ROKRAT is a remote access trojan (RAT) that leverages a malicious Hangual Word Processor (HWP) document sent in spearphishing emails to infect hosts. The HWP document contains an embedded Encapsulated PostScript (EPS) object. The object exploits an EPS buffer overflow vulnerability and downloads a binary disguised as a .JPG file. The file is then decoded and the ROKRAT executable is initiated. The trojan uses legitimate Twitter, Yandex, and Mediafire websites for its command and control communications and exfiltration platforms, making them difficult to block globally. Additionally, the platforms use HTTPS connections, making it more difficult to gather additional data on its activities. Cisco's Talos Group identified two email campaigns. In one, attackers send potential victims emails from an email server of a private university in Seoul, South Korea with a sender email address of "firstname.lastname@example.org," the contact email for the Korea Global Forum, adding a sense of legitimacy to the email. It is likely that the email address was compromised and used by the attackers in this campaign. The second is less sophisticated and sends emails claiming to be from a free Korean mail service with a the subject line, "Request Help" and attached malicious HWP filename, "I'm a munchon person in Gangwon-do, North Korea." The ROKRAT developer uses several techniques to hinder analysis, including identifying tools usually used by malware analysts or within sandbox environments. Once it has infected a device, this trojan can execute commands, move a file, remove a file, kill a process, download and execute a file, upload documents, capture screenshots, and log keystrokes. Researchers believe the developer is a native Korean speaker and the campaign is currently targeting Korean-speakers.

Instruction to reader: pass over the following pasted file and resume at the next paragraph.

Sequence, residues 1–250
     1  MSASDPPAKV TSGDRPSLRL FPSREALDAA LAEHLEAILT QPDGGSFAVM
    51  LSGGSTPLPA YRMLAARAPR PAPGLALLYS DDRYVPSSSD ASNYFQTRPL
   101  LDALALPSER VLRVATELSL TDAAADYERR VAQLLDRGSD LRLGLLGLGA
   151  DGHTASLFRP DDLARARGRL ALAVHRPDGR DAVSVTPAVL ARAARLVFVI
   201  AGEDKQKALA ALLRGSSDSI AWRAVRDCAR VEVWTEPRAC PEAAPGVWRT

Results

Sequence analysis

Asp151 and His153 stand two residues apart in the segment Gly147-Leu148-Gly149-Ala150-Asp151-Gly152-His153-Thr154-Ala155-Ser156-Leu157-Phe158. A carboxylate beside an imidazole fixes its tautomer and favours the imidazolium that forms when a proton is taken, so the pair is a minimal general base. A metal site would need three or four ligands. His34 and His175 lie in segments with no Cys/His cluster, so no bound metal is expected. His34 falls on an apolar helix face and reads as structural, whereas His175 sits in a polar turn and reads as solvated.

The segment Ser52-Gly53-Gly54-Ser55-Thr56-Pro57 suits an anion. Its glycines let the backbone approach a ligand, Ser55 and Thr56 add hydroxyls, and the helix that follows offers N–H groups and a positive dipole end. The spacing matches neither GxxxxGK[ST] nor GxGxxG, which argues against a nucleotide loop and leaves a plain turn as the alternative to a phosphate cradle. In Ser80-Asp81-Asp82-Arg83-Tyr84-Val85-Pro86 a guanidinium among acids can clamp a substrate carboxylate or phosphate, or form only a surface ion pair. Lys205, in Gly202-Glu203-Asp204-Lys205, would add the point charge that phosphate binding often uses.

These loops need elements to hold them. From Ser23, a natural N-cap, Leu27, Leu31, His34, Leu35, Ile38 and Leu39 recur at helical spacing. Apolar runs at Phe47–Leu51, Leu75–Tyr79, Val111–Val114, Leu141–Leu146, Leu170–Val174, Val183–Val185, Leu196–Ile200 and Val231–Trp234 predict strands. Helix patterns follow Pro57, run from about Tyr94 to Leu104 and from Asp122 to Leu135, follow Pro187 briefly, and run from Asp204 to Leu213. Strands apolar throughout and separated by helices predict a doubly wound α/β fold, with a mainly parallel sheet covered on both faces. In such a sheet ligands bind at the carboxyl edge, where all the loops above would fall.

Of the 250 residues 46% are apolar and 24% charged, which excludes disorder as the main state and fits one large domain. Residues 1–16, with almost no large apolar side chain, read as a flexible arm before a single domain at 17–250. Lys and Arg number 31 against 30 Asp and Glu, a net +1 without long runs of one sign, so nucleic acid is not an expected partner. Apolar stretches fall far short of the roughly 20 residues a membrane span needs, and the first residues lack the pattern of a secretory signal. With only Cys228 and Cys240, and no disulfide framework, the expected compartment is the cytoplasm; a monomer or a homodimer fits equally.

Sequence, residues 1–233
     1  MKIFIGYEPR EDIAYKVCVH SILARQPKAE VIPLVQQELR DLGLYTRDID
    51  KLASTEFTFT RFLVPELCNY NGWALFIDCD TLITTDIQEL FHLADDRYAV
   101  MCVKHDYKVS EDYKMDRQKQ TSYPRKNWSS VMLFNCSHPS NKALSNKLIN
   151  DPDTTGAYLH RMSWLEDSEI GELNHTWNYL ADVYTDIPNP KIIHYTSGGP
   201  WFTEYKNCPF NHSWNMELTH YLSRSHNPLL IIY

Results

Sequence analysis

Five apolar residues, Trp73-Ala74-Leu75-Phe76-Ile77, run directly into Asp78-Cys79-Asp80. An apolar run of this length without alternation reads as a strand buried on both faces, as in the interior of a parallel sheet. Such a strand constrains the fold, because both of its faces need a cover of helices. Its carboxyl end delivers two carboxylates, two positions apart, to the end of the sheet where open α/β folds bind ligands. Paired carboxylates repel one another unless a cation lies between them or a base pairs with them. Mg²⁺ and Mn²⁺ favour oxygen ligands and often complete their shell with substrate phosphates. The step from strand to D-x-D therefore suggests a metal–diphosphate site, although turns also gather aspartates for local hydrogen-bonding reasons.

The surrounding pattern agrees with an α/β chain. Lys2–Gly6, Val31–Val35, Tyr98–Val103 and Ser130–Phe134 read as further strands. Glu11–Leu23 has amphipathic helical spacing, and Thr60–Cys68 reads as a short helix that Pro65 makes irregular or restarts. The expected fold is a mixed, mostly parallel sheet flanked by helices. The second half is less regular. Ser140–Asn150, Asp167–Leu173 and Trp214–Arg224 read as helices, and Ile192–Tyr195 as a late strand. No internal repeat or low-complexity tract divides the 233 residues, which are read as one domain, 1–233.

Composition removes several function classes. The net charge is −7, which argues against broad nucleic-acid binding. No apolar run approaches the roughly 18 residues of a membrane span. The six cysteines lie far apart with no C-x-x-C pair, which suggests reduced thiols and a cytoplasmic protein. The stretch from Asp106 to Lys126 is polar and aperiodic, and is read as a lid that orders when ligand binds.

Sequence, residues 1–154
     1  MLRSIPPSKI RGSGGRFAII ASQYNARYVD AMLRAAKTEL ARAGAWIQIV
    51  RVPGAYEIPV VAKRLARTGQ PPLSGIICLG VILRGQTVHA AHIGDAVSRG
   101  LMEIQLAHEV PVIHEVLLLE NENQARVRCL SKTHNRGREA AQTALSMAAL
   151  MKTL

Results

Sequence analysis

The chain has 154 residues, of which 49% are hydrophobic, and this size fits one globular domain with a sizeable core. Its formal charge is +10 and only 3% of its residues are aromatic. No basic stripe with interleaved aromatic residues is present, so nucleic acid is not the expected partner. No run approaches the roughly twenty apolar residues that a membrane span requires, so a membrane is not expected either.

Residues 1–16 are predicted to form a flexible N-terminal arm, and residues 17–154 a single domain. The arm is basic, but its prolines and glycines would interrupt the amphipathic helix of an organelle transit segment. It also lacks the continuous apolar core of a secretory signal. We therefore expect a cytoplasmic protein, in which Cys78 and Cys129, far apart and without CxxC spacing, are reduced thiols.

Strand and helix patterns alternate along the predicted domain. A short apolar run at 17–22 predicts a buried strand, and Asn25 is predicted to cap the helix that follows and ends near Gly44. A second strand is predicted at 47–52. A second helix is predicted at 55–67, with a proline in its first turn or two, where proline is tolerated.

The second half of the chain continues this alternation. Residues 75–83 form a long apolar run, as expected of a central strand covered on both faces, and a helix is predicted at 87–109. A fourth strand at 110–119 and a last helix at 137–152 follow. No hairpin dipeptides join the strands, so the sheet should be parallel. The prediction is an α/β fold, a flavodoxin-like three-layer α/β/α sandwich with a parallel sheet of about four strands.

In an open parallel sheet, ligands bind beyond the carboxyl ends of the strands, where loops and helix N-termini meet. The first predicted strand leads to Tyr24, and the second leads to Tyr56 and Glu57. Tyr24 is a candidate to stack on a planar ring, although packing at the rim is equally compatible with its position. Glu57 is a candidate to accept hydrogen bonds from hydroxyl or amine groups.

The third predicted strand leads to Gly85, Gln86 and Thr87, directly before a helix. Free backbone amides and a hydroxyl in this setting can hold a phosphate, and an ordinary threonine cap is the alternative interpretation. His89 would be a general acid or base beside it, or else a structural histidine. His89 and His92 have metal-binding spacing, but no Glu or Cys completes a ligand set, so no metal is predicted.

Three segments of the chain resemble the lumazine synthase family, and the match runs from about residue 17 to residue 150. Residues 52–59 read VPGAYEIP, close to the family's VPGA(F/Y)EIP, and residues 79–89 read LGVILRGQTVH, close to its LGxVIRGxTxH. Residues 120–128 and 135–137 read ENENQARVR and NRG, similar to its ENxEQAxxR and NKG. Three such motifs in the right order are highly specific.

- Cisco's Talos Group provides technical analysis of ROKRAT, available here.